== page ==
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Afghan research think-tank partners with UK academia for War on Drugs research project

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Afghan research think-tank partners with UK academia for War on Drugs research project

Leading experts from the Afghanistan Research and Evaluation Unit (AREU), a top Afghan research think-tank and the UK academia are joining forces to tackle one of the most serious global challenges (Drug Wars and Wars on Drugs) in a new multi-disciplinary research project launched on 21st of July 2017.

This is part of an ambitious international research program ever created globally, with £225 Million having been invested across 37 interdisciplinary projects to address challenges in fields such as health, humanitarian crises, conflict, the environment, the economy, domestic violence, society, drugs policy and technology.

“The research aims to reframe illicit drugs production as a development issue – to do this we need a stronger evidence base, generated by researchers from drug producing regions who can become advocates for change within their countries and beyond,” said Professor Jonathan Goodhand from School of Oriental and African Studies (SOAS) who leads the project.
David Mansfield from the London School of Economics (LSE) said that this research will examine the role that illicit drugs and drugs policy play in the development of conflict affected states. “It will provide data and knowledge on the use, production and trade of drugs from those areas most affected, and derived from a research agenda identified by local researchers and communities,” he added.

Meanwhile Dr. Orzala Nemat, Director of the Afghanistan Research and Evaluation Unit (AREU) said: “This research will build a new generation of Afghan researchers and an independent evidence base on illicit drugs.  These are essential to develop a new approach to the challenges of drugs and development in Afghanistan.”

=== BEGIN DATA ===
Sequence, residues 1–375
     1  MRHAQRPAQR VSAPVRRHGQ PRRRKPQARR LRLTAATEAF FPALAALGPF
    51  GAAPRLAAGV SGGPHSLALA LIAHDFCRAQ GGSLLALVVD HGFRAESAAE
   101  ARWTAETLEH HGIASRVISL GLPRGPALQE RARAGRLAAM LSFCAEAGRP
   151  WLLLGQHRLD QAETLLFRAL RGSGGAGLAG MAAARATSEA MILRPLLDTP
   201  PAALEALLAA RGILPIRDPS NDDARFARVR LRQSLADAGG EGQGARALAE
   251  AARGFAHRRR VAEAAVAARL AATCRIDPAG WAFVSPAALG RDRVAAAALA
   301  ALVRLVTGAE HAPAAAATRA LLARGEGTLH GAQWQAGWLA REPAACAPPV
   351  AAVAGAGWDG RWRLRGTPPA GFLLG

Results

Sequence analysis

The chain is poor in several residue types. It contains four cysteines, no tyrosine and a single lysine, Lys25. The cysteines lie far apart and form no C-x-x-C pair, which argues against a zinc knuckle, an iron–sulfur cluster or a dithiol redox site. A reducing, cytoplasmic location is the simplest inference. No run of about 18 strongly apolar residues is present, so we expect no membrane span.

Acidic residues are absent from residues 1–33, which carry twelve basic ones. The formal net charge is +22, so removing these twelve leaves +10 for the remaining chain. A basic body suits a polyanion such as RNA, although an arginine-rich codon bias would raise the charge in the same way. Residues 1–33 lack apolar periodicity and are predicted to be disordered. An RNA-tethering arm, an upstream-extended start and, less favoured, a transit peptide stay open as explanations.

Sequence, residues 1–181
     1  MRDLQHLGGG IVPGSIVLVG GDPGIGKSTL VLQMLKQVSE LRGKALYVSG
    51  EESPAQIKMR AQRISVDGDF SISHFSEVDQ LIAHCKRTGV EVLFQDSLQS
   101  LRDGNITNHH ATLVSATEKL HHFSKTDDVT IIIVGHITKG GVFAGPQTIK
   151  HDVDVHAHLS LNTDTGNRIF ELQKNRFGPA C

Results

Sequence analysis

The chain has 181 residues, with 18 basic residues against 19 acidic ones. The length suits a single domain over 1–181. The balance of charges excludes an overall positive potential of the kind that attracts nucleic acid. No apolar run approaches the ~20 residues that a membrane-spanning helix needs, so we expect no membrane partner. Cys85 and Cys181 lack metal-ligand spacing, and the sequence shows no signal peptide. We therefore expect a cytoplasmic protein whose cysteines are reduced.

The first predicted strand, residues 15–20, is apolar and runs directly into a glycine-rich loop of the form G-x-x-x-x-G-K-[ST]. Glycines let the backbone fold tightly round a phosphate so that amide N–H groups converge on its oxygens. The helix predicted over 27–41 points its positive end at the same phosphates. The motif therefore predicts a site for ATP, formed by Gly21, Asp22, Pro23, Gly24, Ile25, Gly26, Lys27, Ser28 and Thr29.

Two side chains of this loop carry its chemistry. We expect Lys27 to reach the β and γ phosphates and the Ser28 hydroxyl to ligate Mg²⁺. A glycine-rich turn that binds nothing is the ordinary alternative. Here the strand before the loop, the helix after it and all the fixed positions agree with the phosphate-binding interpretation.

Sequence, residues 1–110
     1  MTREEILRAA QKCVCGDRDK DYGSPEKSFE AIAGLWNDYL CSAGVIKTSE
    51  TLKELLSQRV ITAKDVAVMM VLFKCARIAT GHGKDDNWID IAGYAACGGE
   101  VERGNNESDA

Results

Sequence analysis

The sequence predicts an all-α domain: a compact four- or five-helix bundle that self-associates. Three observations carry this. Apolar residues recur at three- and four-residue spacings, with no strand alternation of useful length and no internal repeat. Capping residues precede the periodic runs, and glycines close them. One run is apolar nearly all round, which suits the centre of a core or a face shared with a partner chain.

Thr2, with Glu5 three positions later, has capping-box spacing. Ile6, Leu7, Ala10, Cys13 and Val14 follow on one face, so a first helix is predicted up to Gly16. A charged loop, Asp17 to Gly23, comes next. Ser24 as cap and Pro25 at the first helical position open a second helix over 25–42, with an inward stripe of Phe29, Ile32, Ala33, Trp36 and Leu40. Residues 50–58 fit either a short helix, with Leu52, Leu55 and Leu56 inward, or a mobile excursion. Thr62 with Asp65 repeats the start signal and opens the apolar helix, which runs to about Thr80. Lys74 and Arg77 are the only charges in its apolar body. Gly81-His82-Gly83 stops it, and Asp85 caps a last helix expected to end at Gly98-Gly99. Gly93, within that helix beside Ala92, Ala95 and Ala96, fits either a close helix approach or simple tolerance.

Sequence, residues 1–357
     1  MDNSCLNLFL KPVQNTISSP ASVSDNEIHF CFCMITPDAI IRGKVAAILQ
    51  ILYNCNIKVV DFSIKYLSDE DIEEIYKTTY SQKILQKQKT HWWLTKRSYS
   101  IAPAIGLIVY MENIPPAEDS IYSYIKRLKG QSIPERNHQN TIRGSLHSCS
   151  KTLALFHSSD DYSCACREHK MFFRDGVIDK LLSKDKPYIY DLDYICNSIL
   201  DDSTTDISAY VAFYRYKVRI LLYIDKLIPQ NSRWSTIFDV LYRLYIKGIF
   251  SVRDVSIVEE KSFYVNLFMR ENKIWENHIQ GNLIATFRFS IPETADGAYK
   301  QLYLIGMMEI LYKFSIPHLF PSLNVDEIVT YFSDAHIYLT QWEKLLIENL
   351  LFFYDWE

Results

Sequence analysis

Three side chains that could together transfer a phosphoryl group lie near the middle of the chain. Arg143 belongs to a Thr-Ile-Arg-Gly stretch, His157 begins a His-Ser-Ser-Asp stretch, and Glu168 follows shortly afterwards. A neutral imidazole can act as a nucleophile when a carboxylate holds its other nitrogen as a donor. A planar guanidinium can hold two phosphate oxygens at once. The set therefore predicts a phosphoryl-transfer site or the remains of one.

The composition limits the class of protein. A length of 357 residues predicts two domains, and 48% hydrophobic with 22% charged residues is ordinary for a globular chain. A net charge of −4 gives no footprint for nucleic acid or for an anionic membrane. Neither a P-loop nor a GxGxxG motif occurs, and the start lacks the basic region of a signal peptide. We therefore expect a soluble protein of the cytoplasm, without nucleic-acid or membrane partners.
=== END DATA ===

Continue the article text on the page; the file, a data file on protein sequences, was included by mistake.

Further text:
Wars on Drugs have been declared by leaders in wealthy and poor countries who are concerned about the impacts of illicit drugs on security, development and health. But fighting drugs production and trafficking can also inflict deep wounds – whether it’s on the poor who were growing the drugs and lose their livelihoods or on public health campaigns to rehabilitate drug users. These policies are particularly contentious in countries recovering from war. They can threaten an uneasy peace and may lead to renewed conflict, particularly when the lives and livelihoods of so many are tied to the drug economy. Navigating a path that reconciles peace-building with tackling the illicit drugs trade is hard.

Researchers argue that a new approach is needed, one that is based upon evidence about what works and what doesn’t, that is defined by the drug producing countries themselves, and recognizes what the trade-offs are and who bears the costs and benefits of policies.

Working with researchers in Afghanistan, Colombia and Myanmar — three of the world’s largest drug-producing countries – the collaboration aims to build a research base that will help transform illicit economies.
Jo Johnson, UK Minister for Universities and Science, said: “The UK’s research and innovation system is world leading, and at a time when the pace of scientific discovery and innovation is quickening, we are placing science and research at the heart of our Industrial Strategy to build on our global leadership and ensure the UK continues to be a nation of science and technical progress.

AREU, as a highly reputable and professional research institution, has a history of working on drug policies since its establishment. Entering into this global partnership will help further strengthen AREU’s research capacity, global reputation and contributions to global drugs policy reform.

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